The Neighbourhood Family

The pandemic caused by the corona virus reduced the celebration of our parent’s 50th anniversary to long distance wishing. An idea stuck, bit late, but still on time, how about a whatsapp video call with family members and the family they built with the neighbours where they lived and we grew up?

We grew up in Rourkela. Many of you may have heard its name in connection with the steel plant. People from across the state, country and world took up jobs created by the Rourkela Steel Plant (RSP) and came to make this place their homes.   It was a cultural melting pot. Varied skills from across the country were recognised, exchanged and tried by all interested. Annual picnics were organised and all festivals were celebrated with amazing enthusiasm. As children, we addressed our friends parents as we heard them being addressed, Pappaji – Mummyji, Bou- Baba and also Mausa-Mausi, Uncle-Aunty.

Some of us went to state board schools and some to English medium schools. But come sunshine of shower, we were out on the road to play at 4 p.m. every day after school. We were kids, so of course we fought. But the parents never came to resolve. We mended our friendships.

Every fruit and vegetable that grew in that area was shared in the community. Mangoes, guavas, lichis, jackfruit, yam, greens, flowers. Infact, some days, we would decide, today we feel like eating the guavas from Bou’s house, and we will go, climb up the trees, girls and boys, whoever wished to, take a cloth bag along (usually made at home from old trousers or any other thick cloth) and we will bring down a bag full for the house, for distribution and we ate as many as we wanted till our stomach hurt.

Swain mausi’s red chilli powder also had roasted jeera in it. You could taste it when you ate guava or raw mangoes with salt and chilli powder. Mummyji, Sehgal aunty made the best potato chips, served topped with tomato sauce. They had the first TV and some Sundays all the children were there watching DD and some days, entire neighbourhood watched the cricket match with eternal optimists like Maharaj saying India will win even if there are three balls left and 36 runs to make!

Gradually most of us left to pursue higher studies beyond what the city could offer. As the parents reached retirement age, the homes provided by the employer were to be vacated. Some moved earlier to different locations to bigger homes. Some chose to retire in Rourkela and some went back to their ancestral homes, where rest of the relatives were. This larger family, the neighbourhood family everyone remembers. There is that longing in the heart of living in a faraway place, making it your home, building friendships that perhaps one did not know then, that they will come to mean so much, and will be missed so much.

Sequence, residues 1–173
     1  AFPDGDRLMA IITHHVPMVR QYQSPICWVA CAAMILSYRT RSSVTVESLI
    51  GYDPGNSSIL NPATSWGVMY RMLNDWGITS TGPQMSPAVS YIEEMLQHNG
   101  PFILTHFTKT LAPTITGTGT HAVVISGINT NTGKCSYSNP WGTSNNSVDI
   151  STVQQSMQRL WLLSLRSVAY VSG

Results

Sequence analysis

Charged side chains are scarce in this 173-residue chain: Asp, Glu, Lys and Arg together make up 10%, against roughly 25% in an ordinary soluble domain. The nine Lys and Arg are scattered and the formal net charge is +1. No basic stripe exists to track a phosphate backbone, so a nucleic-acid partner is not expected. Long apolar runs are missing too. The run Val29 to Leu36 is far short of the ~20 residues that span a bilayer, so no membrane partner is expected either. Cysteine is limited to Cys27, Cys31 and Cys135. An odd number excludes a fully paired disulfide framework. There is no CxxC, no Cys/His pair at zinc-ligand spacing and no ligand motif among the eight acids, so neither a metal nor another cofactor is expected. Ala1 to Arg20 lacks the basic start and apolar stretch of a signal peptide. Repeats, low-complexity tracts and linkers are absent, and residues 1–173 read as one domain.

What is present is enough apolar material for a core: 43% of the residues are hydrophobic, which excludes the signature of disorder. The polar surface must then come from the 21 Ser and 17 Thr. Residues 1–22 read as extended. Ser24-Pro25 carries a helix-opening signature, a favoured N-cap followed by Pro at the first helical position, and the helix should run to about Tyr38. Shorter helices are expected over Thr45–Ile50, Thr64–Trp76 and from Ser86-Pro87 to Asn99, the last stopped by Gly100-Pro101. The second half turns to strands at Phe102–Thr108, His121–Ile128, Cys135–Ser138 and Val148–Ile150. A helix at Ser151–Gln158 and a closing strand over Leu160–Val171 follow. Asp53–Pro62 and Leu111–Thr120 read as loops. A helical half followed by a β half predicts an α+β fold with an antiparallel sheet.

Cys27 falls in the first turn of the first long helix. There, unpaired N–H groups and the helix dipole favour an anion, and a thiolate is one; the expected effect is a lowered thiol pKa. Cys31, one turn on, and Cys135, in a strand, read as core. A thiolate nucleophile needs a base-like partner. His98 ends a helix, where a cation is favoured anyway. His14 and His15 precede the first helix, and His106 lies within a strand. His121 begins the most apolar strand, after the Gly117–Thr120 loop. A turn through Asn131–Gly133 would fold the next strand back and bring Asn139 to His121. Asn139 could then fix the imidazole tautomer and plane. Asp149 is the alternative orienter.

After that video call, which warmed our hearts and was so much nostalgia, everyone talking simultaneously, one day, Roy Uncle called. It seemed he had dialled my number by mistake. Nonetheless, we enquired about whereabouts of friends and family. And then uncle said something which I must absolutely write down for they stalled Time for me. It felt like nothing has gone by in so many years.

“Do you remember we used to have regular power cuts (no electricity, scheduled and unscheduled). We would be in the middle of studies, or a game of carom, or waiting for a TV programme, waiting without a fan in the summer heat, a neighbourhood drenched in silence induced by lack of light.

And when then, suddenly, the bulbs come back on, the streets and homes lit up, and there is joyous uproar from the children from all houses,  hoooooooooo …the collective expression of happiness.

I want to hear that noise again.”

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